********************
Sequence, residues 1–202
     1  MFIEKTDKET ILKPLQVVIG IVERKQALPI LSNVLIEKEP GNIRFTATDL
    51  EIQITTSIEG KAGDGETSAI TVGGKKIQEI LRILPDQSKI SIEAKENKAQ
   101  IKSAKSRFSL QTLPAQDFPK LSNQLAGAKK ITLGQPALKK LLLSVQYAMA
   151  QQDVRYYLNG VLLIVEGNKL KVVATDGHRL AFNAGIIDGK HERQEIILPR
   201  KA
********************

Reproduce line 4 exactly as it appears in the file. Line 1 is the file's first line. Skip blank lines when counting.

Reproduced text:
   101  IKSAKSRFSL QTLPAQDFPK LSNQLAGAKK ITLGQPALKK LLLSVQYAMA